He, too, was good and wise, but he had to spend most of his time fighting against the Saxons. After the death of Hengist very many Saxons had remained in Britain, and now many more came again in ships from Germany. Fierce and terrible battles were fought, and although the Saxons were often defeated, the Britons could not succeed in driving them away altogether.

But the name of Uther Pendragon became a terror to these heathen. It is said that when he was so old and feeble that he could not stand, he was carried to battle in a litter. And so great was the power and fame of his courage, that the Saxons were utterly defeated. 'Ah,' he said, laughing, 'these heathen call me the half-dead king. And so indeed I am. Yet victory to me half dead is better than to be safe and sound and vanquished. For to die with honour is better than to live with disgrace.'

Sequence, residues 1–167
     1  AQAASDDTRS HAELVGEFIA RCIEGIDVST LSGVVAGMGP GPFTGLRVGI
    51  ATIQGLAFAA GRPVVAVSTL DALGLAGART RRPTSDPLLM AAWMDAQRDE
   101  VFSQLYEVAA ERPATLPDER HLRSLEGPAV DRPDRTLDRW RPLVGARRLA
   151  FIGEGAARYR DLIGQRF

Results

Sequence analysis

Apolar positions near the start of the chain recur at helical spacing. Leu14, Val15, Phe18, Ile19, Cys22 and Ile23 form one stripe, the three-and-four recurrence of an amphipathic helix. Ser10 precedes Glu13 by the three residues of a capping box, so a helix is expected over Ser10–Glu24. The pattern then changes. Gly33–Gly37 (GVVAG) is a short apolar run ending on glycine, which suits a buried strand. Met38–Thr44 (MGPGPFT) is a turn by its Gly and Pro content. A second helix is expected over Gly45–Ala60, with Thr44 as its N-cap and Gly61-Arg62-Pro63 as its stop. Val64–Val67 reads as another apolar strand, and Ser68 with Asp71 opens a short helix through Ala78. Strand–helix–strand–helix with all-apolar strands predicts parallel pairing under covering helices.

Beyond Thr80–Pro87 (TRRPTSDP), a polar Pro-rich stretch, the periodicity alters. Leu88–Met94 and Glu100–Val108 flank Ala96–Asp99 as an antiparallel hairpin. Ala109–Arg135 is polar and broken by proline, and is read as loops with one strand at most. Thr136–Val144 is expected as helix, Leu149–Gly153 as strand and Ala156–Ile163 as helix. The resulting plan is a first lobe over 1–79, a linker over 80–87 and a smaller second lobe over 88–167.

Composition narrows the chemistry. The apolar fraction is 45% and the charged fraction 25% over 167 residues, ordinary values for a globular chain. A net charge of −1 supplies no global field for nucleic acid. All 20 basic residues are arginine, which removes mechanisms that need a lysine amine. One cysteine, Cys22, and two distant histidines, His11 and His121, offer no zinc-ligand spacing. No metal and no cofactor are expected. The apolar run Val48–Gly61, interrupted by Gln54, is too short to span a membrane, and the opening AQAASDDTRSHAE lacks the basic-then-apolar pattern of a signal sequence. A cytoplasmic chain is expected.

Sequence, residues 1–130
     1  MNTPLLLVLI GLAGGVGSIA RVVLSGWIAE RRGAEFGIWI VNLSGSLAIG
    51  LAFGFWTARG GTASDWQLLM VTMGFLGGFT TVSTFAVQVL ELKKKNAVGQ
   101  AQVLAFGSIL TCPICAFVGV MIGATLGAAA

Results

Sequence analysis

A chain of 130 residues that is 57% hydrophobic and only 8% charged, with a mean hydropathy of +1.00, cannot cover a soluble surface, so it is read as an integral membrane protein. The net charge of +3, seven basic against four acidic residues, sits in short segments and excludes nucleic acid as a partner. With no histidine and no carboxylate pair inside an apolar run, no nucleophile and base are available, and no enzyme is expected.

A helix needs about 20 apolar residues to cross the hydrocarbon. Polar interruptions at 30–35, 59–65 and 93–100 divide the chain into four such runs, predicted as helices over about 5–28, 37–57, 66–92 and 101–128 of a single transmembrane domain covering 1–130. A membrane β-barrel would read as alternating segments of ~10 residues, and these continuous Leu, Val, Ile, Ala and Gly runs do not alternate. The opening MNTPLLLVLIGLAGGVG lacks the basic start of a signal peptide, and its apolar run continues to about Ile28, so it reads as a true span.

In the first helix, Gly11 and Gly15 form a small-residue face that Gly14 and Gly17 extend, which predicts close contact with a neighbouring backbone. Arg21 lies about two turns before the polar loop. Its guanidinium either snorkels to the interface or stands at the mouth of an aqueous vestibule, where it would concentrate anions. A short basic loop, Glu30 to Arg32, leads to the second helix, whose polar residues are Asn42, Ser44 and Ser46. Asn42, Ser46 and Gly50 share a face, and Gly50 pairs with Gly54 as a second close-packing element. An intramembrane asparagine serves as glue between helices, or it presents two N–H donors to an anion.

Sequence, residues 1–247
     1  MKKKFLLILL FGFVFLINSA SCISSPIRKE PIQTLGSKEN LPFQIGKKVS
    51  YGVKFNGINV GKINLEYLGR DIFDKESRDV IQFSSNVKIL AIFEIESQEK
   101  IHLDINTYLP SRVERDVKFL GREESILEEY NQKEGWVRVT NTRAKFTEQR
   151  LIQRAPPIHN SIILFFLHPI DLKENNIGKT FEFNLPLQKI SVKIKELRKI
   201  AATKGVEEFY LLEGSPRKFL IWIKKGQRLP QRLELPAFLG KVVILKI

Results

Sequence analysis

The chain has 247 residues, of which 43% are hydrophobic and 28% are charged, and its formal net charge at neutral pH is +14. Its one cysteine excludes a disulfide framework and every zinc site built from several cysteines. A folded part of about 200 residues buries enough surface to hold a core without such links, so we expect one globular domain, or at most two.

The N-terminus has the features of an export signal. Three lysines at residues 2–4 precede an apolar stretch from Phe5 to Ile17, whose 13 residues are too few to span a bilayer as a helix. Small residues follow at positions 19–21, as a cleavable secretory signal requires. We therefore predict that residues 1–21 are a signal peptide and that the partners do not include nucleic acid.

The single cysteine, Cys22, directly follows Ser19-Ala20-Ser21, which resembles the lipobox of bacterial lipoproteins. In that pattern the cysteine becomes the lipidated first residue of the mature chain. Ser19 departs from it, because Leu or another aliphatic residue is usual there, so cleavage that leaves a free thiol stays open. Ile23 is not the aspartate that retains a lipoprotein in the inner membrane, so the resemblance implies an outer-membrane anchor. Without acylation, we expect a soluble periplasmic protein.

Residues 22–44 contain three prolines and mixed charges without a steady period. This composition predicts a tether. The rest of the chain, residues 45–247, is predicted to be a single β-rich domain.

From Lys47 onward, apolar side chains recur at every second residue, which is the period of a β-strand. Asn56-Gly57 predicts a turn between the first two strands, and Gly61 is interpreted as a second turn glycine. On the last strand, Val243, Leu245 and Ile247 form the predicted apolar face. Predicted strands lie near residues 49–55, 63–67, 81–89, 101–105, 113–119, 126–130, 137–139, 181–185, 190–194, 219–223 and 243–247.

But alas! Uther Pendragon, like so many of the good kings before him, was also poisoned by the wicked Saxons. So he died, and the people buried him close to his brother, Aurelius Ambrosius, within the Giant's Dance on Salisbury Plain.